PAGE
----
Eowyn raised her sword in a high guard, and moved in for the kill.




Title: The changeling
Fandom: The Lord of the Rings
Characters: Eowyn/Legolas
Prompt: 40 sight
Word Count: 612
Rating: R



The changeling

AWWWWWWW!” roared Gimli, advancing on the pack. Eowyn would rescue the elf; it was his job to buy her enough time.

“Who wants to be first?” He swung the heavy, knotted rope—the remains of his bonds—around his head. “Come on, fight!”

One of the men drew a pair of knives and—

Schhhhum! A single arrow, slicing down through the foliage, buried itself between his eyes. The startled man frowned, staggered forwards, and dropped like a stone, his weapons falling from his dead hands.

“Thank ye, laddie!” shouted Gimli to his unseen comrade.

Then he charged, whirling his rope; and the thick knots, propelled by dwarven muscle, hit the next man full in the face. The wolf-man stumbled; Gimli struck again, bringing him to his knees, and again, laying him out cold. He dropped the rope and picked up the dead man’s knives. “Who is next?”

One of the wolf-men turned and fled.

You!” cried the dwarf, brandishing the blades at the larger of the two men who remained. “I will take you next!”

The big wolf-man, intimidated by the dwarf’s relentless advance, looked to his companion for support; but other man, relieved by his own reprieve, was already backing away.

“Divide and conquer,” muttered Gimli. “Forget him,” he shouted, “I have chosen you.”

Reluctantly, the wolf-man drew a battle axe.

“Aw,” growled the dwarf. “Now that is cheating!”

The pair circled; and Gimli, unused to knife work, realised that he was hesitating. “Aw, bugger this!” he cried, and charged.

The wolf-man swung, badly misjudged the dwarf’s height, and missed; Gimli, safely past his enemy’s guard and quicker, despite his armour, stabbed.

With a gasp, the wolf-man, dropping his weapon, clutched at his chest.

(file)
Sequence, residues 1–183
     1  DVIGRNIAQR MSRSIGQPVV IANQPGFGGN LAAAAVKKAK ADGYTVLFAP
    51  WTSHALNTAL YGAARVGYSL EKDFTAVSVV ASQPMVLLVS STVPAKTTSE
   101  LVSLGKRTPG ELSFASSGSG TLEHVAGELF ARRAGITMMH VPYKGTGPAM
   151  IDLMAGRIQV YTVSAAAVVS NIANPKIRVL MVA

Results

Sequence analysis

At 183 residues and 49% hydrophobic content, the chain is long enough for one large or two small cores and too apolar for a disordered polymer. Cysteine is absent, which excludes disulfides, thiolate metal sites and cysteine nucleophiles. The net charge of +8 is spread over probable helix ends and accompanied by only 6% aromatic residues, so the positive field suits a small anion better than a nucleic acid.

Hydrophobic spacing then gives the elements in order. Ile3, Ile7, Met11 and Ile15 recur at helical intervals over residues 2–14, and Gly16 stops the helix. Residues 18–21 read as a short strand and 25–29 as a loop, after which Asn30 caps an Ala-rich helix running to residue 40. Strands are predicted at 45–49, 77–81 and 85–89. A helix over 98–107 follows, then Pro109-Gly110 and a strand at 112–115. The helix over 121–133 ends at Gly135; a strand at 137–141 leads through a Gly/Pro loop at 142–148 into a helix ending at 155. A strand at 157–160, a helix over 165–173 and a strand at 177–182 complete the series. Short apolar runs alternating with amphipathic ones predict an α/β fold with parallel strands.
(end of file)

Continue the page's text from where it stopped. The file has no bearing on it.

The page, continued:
Gimli swept up the battle axe. “Never challenge a dwarf with his own steel, laddie,” he cried. “Now—”

But the wolf-man had already fallen—he lay, still and white, upon the ground, staring upwards with sightless eyes. Grunting, Gimli leaned down to close his eyelids.

Suddenly the man’s arms flew out, and his body stretched, his back arching and his hips rising high, twisting and turning, as a terrible sound—like wood splitting beneath a blade—came up from his vitals.

Blood spattered his shirt and breeches.

“The rope, Lord Gimli!” yelled Osgar, who—having shot his last arrow—had rushed down from the flet. He scooped up the knotted cord and threw it to the dwarf. “Is there more?”

“Over there…”

“Bind him, my Lord!” cried the man. “Bind him now, whilst he is still weak!” He ran back to Gimli with a second length of rope.

“By the gods,” muttered the dwarf, “what a sight.”

Even as he watched, the wolf-man was changing—his skin, ripped by his own nails, was falling in ribbons about his face and neck, and dark fur was sprouting from the bloody flesh; his jaws, working furiously, were growing longer and broader, crammed with cruel teeth; and foaming red-flecked spittle was flying from his snarling mouth…

“Now, my Lord, now!” cried Osgar; and man and dwarf pounced, Gimli slipping a hastily-tied noose over one of the flailing arms, Osgar doing the same to a clawed foot. “Over here,” cried the man, and battling with the wolf-man’s growing strength, the pair dragged the shrieking, writhing, blood-soaked creature to the foot of one of the trees and, passing the ropes around its trunk, bound him as tightly as they could.

“Will that hold him?” asked Gimli, doubtfully, as the werewolf, in its determination to escape, began to gnaw at its own wrist.

“I do not know, my Lord,” muttered the man, desperately searching for more rope. “I do not know!”



Author's Note: Parts 36 & 37 of an ongoing story, which is itself part of a Legolas/Eowyn ‘soap’ that can be read here

Comments

Posted by: Mlle de Fer (mlledefer)
Posted at: November 12th, 2007 11:01 am (UTC)
Lotr Eowyn I'm no man anime

Aha! It has been a long time for me:)

love Lord Gimli:) and Eowyn with her sword.

thanks for sharing!

Posted by: ningloreth (ningloreth)
Posted at: November 19th, 2007 07:26 pm (UTC)

Hello Mlledefer! Thank you for leaving a comment. I'm glad you liked them.

(Yes -- Gimli's a love ;-)

Posted by: ((Anonymous))
Posted at: May 31st, 2010 04:28 pm (UTC)
L/E is fake!

Fake pairing!They are not couple.Legolas does not love Eowyn and she is totally in love with her true husband Faramir.
Faramir/Eowyn=best couple!